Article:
top of page

4 ways CPG companies can improve performance in 2022

By Hans Van Delden

While the pandemic has wreaked havoc on many industries over the past two years, the CPG sector has held up relatively well. Industry sales increased in 2020 thanks to more people shopping for essential items both in-store and online, while PwC’s December 2021 Global Consumer Insights Pulse Survey found that 76% of respondents plan on spending more money in the coming year.

That doesn’t mean 2022 is going to be a breeze. Rising inflation, supply chain challenges and increased online consumer spending could bring more challenges than the sector has seen in some time.

If companies are going to improve performance, they need to look inward and examine their approaches to pricing, discounting, data analytics and more. Here are four steps CPG operations can take to enhance their performance in the year ahead.

1. Understand inflation’s impact

In December, inflation increased by 7.0% year-over-year, the largest 12-month increase in consumer goods prices since June 1982, according to the Bureau of Labor Statistics. Given how tight margins are in this sector normally, there’s plenty of pressure for CPG operations to raise their rates. However, companies can’t simply push prices higher along with inflation. Instead, they must examine all of their products to see how increases will impact consumer demand.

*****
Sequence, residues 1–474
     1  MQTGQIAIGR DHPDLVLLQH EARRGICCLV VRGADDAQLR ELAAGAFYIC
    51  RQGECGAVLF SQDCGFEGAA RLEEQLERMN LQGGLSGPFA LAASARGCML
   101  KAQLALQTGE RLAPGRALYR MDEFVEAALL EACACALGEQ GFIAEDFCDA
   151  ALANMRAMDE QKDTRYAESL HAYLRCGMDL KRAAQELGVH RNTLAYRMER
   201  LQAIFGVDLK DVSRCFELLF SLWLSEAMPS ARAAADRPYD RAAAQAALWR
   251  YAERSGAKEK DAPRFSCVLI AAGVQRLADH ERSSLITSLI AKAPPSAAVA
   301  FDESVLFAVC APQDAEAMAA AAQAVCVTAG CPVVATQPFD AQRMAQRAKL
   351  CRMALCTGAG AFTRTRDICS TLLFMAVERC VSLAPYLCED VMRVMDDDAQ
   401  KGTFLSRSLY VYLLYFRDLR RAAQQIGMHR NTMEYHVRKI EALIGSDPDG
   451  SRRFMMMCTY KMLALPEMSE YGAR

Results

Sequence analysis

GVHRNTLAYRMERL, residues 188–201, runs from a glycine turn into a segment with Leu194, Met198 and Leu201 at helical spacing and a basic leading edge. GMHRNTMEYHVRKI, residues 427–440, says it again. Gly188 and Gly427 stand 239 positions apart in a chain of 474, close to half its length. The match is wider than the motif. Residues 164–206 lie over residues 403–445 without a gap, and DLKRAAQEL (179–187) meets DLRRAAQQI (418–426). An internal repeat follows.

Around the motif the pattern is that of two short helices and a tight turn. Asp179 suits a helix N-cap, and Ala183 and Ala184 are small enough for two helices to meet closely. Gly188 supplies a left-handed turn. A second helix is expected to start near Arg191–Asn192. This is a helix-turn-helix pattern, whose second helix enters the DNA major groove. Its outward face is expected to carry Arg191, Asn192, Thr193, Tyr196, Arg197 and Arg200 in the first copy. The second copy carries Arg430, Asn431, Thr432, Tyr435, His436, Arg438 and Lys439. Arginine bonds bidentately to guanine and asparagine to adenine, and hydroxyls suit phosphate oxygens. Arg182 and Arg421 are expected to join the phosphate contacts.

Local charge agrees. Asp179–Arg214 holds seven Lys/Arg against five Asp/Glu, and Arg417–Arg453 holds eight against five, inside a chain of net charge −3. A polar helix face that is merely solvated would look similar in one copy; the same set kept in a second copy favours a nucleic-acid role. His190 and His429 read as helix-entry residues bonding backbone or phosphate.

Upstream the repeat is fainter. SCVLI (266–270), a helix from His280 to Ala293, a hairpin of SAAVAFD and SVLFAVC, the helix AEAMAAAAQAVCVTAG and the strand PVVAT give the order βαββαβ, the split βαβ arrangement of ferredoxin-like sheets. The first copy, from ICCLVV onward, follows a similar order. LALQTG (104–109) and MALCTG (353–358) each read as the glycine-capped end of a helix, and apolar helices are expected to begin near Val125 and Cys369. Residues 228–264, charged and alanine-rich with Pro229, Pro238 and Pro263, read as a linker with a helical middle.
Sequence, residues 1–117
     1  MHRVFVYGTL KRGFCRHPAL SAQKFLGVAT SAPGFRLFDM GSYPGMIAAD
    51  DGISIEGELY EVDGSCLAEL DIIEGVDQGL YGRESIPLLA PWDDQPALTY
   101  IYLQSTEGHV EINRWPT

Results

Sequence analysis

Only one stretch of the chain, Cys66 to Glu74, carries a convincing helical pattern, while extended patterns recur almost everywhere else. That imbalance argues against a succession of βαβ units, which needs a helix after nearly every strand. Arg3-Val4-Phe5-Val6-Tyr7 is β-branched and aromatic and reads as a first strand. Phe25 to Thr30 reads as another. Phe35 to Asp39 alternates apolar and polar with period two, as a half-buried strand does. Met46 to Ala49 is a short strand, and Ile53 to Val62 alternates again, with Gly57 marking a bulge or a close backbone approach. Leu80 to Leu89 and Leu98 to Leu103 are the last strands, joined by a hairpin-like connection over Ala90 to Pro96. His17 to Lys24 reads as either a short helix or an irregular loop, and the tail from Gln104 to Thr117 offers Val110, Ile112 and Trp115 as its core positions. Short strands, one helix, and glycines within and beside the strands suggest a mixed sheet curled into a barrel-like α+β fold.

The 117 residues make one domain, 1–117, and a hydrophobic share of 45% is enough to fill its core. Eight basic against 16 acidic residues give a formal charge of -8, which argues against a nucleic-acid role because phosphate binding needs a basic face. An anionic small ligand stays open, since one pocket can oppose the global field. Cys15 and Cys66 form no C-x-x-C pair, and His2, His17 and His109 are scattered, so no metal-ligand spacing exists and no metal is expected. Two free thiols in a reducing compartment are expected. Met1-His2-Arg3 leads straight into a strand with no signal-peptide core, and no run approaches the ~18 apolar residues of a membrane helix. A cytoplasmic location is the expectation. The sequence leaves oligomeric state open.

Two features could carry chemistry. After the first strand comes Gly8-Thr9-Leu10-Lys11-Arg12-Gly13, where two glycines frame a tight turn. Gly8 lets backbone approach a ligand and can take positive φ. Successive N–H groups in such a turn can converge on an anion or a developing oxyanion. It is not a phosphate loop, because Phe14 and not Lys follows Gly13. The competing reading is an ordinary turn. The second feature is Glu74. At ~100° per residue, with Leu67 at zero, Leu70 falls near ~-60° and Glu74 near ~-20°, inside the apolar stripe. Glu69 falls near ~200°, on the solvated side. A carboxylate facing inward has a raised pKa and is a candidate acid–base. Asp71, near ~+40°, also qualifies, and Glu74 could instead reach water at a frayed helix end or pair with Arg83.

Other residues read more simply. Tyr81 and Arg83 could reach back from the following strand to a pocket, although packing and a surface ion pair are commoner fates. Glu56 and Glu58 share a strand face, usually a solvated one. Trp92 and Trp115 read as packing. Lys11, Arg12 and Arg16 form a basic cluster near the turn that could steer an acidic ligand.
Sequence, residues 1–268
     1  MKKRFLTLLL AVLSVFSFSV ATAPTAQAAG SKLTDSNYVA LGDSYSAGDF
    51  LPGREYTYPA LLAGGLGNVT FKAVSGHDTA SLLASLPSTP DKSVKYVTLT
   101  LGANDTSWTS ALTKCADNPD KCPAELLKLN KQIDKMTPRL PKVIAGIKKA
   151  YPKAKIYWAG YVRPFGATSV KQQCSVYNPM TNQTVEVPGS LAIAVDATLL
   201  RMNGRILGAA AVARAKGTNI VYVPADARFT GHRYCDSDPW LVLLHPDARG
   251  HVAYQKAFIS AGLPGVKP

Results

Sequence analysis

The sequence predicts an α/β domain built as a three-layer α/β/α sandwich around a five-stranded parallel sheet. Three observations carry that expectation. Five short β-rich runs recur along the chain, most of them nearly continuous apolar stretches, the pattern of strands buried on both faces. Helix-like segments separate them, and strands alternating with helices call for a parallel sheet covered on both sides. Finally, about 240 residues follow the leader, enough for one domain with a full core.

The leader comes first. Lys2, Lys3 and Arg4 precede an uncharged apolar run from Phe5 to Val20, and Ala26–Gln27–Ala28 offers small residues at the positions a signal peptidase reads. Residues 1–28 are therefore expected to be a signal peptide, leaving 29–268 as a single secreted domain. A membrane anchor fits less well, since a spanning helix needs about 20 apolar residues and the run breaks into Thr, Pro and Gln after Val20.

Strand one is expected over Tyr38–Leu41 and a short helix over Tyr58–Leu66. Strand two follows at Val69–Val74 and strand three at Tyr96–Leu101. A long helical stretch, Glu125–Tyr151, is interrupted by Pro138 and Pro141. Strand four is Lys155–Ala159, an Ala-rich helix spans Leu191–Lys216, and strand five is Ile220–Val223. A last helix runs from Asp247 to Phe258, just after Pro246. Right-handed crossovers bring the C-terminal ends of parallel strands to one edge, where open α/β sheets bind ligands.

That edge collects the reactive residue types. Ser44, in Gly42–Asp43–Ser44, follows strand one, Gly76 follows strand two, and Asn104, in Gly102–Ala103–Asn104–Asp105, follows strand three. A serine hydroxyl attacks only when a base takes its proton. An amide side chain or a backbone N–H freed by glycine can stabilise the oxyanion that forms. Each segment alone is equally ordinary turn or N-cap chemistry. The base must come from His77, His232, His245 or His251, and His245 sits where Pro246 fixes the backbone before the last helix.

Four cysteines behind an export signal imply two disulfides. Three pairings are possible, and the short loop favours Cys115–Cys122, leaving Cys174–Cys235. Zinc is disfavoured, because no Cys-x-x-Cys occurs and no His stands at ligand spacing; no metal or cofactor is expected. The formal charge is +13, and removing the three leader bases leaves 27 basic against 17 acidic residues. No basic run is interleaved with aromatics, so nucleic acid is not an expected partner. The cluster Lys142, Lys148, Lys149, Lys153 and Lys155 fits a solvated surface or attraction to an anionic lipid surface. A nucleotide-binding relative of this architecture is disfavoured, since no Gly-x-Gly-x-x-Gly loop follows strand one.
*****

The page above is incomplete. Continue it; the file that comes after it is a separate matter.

“Businesses must determine to what extent companies can pass on cost increases to their consumers,” says Penny Boswell, principal and consumer markets specialist at PwC US. “What impact should that have on how they’re thinking about pricing, but also absolute price points and price type architecture design?”